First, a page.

Monday, February 24, 2014

Is Weird Winter Weather Related to Climate Change?

The polar jet stream may be driving a "hemispheric pattern of severe weather." (Credit: NASA Goddard Space Flight Center) Click to enlarge.
This winter’s weather has been weird across much of the Northern Hemisphere.  Record storms in Europe; record drought in California; record heat in parts of the Arctic, including Alaska and parts of Scandinavia; but record freezes too, as polar air blew south over Canada and the U.S., causing near-record ice cover on the Great Lakes, sending the mercury as low as minus 50 degrees Celsius in Minnesota, and bringing sharp chills to Texas.

Everyone is blaming the jet stream, which drives most weather in mid-latitudes.  That would be a significant development.  For what happens to the jet stream in the coming decades looks likely to be the key link between the abstractions of climate change and real weather we all experience.  So, is our recent strange weather a sign of things to come?  Are we, as British opposition leader Ed Milliband put it this month while surveying a flooded nation, "sleepwalking to a climate crisis"?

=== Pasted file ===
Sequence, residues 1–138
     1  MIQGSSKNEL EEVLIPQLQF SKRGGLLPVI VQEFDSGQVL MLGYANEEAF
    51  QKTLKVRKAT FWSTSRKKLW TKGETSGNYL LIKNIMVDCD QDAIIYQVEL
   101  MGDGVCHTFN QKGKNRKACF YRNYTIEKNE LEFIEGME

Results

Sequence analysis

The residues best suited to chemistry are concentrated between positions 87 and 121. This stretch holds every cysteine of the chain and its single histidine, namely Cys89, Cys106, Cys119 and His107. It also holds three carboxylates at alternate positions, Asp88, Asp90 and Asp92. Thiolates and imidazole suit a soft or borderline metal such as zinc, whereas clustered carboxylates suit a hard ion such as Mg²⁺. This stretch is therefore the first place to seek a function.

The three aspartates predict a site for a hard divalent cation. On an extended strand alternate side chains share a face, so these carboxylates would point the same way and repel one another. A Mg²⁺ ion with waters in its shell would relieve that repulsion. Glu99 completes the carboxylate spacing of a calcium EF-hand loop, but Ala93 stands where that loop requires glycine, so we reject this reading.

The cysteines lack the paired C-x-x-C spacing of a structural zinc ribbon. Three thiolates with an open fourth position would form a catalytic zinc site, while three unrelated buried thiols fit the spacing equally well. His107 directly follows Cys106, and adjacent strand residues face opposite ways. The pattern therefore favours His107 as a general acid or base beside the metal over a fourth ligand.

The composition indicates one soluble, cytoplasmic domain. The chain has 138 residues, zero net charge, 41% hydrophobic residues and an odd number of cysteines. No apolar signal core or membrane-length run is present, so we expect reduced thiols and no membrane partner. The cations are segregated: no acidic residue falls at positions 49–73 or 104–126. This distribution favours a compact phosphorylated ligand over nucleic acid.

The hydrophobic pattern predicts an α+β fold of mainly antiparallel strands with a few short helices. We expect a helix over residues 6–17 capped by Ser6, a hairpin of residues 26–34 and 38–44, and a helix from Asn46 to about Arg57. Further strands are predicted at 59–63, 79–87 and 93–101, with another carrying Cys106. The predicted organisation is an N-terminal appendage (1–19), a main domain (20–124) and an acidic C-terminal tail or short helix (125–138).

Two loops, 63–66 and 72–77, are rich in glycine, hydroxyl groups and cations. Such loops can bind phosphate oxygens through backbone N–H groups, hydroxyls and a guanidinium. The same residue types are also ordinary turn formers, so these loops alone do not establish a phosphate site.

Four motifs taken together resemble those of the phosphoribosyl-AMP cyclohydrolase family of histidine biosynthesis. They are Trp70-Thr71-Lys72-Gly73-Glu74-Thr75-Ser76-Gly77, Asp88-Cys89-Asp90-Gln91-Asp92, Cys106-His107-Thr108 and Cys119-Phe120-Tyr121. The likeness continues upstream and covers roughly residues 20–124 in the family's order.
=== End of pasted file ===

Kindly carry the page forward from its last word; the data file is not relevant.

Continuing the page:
The story gets tangled because trying to identify long-term trends amid the noise of daily weather is hard.

Is Weird Winter Weather Related to Climate Change?

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